And instead of segmenting its global survey sample of 12,000 adults solely by income, it considers income as well as debts, expenses, savings contributions and overall financial status to identify four groups. different consumers in order:

  • Isolated 41% who maintained the status quo with a slight drop in debt, but all things being equal.
  • Tense 31% with falling income and falling savings and rising debt.
  • Secured 18% whose finances are up with rising income, more contributions to savings and investments.
  • Frugal 11% are financially cautious with lower savings and investments, but have adjusted their spending to keep debt in line.

The Secure segment is most comparable to Deloitte’s high-income segment and where they will really pick up the pace is travel.

Globally, Secures expect to more than double vacation travel spending, with US Secures planning to spend more than $22,000 on vacation travel alone.

Acknowledging that people tend to spend both before and during retail trips, IBM’s Karl Haller said their overall vacation budgets would be increased by 20%, but some of that spending would likely have been deferred. of November and December in preparation for their travels.

Secure consumers are eager to get back to normal holiday festivities, but Haller observed that the other three consumer segments — isolated, tense, and thrifty — have contingency plans.

“Secures are going to spend no matter what, but everyone has a backup plan. Depending on the economic outlook, the severity of inflation, rising prices or if new lockdowns are imposed, others will retreat to some places to make room for others,” Haller observed. .

“That equates to a relatively small group of secure people who drive a lot of expense.”

Cautious optimism

Deloitte’s Rogers and IBM’s Haller put a positive spin on their data for the upcoming holidays. At the same time, they recognize that reading the tea leaves this year is particularly difficult, especially when it comes to the wealthy and the weight the NRF places on them for positive holiday retail results.

In Deloitte’s survey, only the high-income segment expected to reduce vacation spending, while low- and middle-income consumers reported a slight uptick, but not enough to move the needle beyond the survey average of $1,460 over last year.

“We’re seeing a bit of this dichotomy between low-income and high-income consumers this year,” Rogers said. “The high-income group may pay more attention to the economy and other macro indicators. If they’ve recently looked at their retirement portfolio, they don’t feel good.

Haller said all the noise in the media surrounding inflation and the economy makes it difficult to get an accurate picture of consumer performance, especially since two-thirds of consumers said they were the most worried about financial problems.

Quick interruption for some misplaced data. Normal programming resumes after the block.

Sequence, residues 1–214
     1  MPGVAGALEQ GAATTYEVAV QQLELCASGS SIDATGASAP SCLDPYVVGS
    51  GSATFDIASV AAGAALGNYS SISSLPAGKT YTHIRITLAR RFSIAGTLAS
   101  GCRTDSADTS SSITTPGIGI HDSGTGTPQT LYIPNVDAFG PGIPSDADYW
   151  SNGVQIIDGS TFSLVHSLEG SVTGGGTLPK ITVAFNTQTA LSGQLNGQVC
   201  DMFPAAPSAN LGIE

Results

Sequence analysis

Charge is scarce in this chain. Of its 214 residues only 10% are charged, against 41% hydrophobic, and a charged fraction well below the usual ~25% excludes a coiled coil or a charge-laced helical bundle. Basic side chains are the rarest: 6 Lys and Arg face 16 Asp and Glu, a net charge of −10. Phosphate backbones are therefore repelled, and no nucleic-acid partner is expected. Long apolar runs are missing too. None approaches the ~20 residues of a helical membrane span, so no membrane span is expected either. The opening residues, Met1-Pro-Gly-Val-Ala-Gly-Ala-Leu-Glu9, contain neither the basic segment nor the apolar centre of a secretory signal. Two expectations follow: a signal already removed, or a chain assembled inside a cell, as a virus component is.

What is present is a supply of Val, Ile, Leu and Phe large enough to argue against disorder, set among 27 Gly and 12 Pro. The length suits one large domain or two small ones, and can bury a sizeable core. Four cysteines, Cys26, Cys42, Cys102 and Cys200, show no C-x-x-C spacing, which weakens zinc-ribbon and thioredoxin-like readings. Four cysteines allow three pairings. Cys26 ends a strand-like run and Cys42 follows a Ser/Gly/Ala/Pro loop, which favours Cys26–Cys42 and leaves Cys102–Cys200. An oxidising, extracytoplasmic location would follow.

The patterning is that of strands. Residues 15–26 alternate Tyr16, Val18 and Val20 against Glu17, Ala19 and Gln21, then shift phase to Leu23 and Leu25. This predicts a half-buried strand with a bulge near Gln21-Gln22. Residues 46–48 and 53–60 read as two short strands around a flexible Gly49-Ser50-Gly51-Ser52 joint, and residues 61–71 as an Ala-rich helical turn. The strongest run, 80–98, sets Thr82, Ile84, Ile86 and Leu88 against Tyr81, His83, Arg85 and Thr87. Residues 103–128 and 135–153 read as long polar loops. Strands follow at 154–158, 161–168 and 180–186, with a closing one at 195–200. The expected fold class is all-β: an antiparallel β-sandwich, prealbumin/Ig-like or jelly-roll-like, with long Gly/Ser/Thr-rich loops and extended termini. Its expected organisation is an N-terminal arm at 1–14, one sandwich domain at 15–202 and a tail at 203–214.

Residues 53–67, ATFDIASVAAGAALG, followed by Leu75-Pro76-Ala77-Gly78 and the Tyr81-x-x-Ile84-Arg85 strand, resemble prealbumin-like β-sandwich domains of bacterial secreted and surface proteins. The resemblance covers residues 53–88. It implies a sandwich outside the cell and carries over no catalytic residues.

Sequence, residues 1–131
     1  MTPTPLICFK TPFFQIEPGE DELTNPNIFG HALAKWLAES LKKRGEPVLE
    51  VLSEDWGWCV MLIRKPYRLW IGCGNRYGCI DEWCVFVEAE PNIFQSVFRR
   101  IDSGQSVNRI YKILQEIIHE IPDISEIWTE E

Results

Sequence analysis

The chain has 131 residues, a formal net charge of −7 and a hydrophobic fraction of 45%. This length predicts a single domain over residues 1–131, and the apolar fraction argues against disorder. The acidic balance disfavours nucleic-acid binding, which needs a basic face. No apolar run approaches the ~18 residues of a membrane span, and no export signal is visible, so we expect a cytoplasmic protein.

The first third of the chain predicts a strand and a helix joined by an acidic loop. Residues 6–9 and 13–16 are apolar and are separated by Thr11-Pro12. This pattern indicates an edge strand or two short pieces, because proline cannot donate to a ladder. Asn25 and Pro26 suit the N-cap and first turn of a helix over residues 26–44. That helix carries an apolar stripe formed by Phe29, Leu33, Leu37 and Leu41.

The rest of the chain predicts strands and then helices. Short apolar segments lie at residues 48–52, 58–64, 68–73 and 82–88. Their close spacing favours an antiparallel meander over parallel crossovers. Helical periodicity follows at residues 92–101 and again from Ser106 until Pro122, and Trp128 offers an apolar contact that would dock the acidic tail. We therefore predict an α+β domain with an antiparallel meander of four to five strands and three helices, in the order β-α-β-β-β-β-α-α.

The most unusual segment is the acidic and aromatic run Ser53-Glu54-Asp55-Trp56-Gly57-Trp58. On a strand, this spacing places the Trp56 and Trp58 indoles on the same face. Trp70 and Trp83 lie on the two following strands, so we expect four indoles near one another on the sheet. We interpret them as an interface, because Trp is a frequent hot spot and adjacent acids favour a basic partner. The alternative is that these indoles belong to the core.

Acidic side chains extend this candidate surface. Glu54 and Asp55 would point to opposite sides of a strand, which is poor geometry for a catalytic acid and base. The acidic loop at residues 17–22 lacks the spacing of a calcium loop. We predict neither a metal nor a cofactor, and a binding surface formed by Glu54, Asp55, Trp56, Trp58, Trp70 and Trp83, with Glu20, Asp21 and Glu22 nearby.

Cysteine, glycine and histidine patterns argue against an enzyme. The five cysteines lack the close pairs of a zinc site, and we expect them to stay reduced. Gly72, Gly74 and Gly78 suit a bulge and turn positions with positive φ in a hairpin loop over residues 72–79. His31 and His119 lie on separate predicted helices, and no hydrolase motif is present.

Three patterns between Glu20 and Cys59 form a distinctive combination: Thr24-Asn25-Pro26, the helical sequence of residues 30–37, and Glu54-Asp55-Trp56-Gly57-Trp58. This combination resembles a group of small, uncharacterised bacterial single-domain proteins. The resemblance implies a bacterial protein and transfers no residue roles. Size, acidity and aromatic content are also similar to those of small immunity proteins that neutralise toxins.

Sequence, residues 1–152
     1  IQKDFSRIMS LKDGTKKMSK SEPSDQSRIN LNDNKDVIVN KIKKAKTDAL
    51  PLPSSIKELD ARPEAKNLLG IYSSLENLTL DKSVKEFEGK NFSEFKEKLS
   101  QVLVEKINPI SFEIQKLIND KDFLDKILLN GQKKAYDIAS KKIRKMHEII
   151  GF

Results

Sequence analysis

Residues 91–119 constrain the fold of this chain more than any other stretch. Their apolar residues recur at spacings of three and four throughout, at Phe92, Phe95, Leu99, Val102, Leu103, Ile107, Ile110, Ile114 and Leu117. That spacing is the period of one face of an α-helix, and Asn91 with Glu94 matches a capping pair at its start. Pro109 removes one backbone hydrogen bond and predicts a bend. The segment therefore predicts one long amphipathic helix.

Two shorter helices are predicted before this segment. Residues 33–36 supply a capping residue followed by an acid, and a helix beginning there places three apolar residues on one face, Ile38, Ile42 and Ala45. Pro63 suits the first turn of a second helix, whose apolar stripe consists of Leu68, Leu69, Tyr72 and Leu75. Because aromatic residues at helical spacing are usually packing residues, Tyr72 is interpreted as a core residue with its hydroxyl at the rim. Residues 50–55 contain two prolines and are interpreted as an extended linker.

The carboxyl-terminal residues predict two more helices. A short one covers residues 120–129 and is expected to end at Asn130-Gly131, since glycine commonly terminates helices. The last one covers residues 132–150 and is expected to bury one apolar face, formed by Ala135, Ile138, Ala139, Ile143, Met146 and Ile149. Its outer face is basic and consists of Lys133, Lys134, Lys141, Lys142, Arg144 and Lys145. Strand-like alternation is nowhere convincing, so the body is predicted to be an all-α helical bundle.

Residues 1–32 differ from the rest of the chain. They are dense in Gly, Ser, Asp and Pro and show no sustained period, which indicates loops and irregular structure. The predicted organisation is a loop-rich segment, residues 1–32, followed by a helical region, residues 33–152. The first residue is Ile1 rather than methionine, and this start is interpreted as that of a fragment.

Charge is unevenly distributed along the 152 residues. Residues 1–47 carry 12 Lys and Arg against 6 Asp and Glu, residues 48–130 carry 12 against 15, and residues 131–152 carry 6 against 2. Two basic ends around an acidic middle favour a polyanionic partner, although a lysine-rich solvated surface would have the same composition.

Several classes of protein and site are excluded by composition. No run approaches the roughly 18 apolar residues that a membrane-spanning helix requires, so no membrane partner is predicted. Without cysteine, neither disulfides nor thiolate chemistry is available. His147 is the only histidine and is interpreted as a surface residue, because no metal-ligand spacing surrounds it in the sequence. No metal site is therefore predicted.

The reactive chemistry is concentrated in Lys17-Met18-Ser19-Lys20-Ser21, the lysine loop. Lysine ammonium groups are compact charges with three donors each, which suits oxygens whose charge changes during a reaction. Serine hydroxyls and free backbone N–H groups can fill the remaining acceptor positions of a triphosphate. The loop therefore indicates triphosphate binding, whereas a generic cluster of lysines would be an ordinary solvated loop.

“I never believe dollar amounts in forecasts, as NRF indicates spending amounts in cents. It is a false precision, ”he argued. “For me, better insight is gained by examining consumer attitudes, intentions and mood as the holidays approach.”

“If most people say they’re going to cut spending, it’s probably going to be a bad holiday anyway. If people say they’re going to spend, it’s likely to be a good holiday. So many things still happen and so many uncertainties.

Inflation casts a pall over consumer confidence

A traditional Likert rating scale can provide the best view of how people will approach their holiday spending, and that’s muddied by inflation.

Deloitte finds that 52% of consumers expect to spend about the same this year as they did last. But given the high rate of inflation, they will either be forced to reduce the number of items purchased or buy more items at promotional prices to maintain the level.

Slightly more, 26%, plan to spend less this year than 22% plan to spend more. But both upward and downward spending groups cite inflation as the main factor influencing their choice.

Among those expecting to spend more, just over half cited higher costs as the main factor. In other words, they don’t necessarily want to spend more, but expect to because things will cost more this year.

For those planning to spend less, two-thirds said higher costs were the reason. Their financial situation requires a reduction.

One thing is certain: people are yearning for a return to normalcy this holiday season. Additionally, the resilience of US consumers is something retailers are counting on. And what people say they’ll do in polls isn’t necessarily what they actually do.

But this season, retailers will have to rely on higher-income, financially secure consumers to push them through, and whether those able to spend more will carry retailers over the finish line remains to be seen. .

See also: Retailers expect “Ho-Ho-Hum” holidays in 2022